Women's Rights National Historic Park - M'Clintock House
In 1848, those five women summoned reformers from across the northeast to the Wesleyan Chapel in Seneca Falls. For two days, as many as 300 women and men considered the role of women in a democratic society. They emerged with the Declaration of Sentiments - a document that shaped a reform movement for decades to come. Indeed, it continues today.
Women's Rights National Historic Park includes the Wesleyan Chapel and the homes of some of the movement's organizers - places where radical thought turned into enduring improvement for millions across the world.
The M'Clintocks: Universal Belief in Equal Rights
"At Thomas McClintock's... we met... most of the men and women prominent in reform... Famous and friendless guests often sat together there, and colors and creeds alike were forgotten."
When the M'Clintock family moved from Philadelphia to Waterloo in 1836, they found a community hospitable to their family, their business, their faith, and their activism. As Quakers, they worked to end slavery and other oppressions of the human spirit. In their
In 1848, Mary Ann and Thomas M'Clintock engaged the social debate that would define them in history's eyes. On July 16, the M'Clintocks welcomed into their home Elizabeth Cady Stanton and others to prepare for the First Women's Rights Convention. Their efforts to accord equal rights to women were but an extension of their family's universal belief in equal rights for all.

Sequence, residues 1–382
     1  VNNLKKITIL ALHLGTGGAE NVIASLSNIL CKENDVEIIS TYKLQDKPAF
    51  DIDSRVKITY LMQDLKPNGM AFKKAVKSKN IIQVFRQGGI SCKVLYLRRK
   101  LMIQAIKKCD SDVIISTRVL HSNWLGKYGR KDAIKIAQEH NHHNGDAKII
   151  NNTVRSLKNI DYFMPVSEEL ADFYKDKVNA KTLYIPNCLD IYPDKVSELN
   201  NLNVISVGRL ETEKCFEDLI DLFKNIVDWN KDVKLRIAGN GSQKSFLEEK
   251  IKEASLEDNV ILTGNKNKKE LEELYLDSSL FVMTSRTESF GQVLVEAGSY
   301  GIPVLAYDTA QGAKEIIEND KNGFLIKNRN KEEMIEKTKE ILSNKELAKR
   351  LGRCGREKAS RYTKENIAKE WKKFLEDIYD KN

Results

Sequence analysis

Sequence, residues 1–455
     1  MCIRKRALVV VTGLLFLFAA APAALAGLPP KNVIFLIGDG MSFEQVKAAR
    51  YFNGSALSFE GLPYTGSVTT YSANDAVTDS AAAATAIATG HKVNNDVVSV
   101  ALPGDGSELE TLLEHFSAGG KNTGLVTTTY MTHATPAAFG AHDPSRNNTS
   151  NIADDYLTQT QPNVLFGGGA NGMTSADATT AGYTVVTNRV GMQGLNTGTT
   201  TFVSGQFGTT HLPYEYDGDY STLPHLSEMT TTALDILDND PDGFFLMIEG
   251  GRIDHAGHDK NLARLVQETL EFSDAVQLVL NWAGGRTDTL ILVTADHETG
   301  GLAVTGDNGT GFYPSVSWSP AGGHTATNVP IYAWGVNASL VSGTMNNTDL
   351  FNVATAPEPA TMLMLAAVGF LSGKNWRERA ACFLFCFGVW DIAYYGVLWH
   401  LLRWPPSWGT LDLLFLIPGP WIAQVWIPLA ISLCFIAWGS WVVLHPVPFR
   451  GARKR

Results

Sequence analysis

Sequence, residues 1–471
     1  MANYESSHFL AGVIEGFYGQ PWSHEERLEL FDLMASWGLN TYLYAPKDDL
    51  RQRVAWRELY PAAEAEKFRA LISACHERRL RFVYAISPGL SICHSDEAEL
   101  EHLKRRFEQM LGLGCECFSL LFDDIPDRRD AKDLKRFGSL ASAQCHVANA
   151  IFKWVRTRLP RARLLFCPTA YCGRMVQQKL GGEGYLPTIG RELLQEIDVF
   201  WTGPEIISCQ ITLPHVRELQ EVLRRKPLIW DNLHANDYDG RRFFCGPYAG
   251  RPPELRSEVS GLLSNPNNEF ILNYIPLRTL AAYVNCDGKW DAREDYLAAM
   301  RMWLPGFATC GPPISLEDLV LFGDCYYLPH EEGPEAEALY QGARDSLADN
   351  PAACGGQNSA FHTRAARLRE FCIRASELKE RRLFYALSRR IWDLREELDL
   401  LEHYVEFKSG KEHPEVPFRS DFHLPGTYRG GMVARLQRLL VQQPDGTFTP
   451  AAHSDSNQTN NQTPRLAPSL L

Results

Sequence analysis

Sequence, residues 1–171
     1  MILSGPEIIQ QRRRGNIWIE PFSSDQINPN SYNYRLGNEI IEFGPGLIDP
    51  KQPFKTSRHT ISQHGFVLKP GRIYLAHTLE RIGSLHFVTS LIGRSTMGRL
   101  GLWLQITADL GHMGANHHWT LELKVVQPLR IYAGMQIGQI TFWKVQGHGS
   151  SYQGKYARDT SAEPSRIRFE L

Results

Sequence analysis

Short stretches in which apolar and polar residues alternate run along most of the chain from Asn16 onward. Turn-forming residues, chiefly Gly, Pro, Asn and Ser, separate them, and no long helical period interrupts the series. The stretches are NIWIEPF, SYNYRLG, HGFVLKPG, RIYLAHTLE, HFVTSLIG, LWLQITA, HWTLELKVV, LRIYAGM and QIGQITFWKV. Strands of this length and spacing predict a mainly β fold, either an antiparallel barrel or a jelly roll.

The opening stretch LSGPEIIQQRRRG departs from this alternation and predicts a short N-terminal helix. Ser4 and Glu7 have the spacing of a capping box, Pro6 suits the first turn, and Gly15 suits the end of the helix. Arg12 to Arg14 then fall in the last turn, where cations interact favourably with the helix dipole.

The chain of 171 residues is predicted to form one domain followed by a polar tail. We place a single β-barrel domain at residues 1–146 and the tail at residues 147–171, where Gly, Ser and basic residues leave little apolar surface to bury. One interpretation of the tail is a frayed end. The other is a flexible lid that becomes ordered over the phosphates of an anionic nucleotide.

Erected by National Park Service, US Department of the Interior.
Location. 42° 54.331′ N, 76° 51.695′ W. Marker is in Waterloo, New York, in Seneca County. Marker is on East Williams Street just from North Virginia Street, on the right when traveling east. Touch for map. Marker is in this post office area: Waterloo NY 13165, United States of America.
Other nearby markers. At least 8 other markers are within walking distance of this marker. Strong Words Encourage Strong Convictions (within shouting distance of this marker); The Dempsey Building (about 300 feet away, measured in a direct line); Coach Tom Coughlin (about 800 feet away); General Lafayette (approx. ¼ mile away);
Also see . . . Women's Rights National Historic Park - National Park Service. (Submitted on October 10, 2012, by Bill Pfingsten of Bel Air, Maryland.)
Categories. • Arts, Letters, Music • Charity & Public Work • Civil Rights • Politics • Women •
Credits. This page was last revised on June 16, 2016. This page originally submitted on October 7, 2012, by Yugoboy of Rochester, New York. This page has been viewed 228 times since then. Photos: 1, 2, 3, 4, 5, 6, 7. submitted on October 7, 2012, by Yugoboy of Rochester, New York. • Bill Pfingsten was the editor who published this page.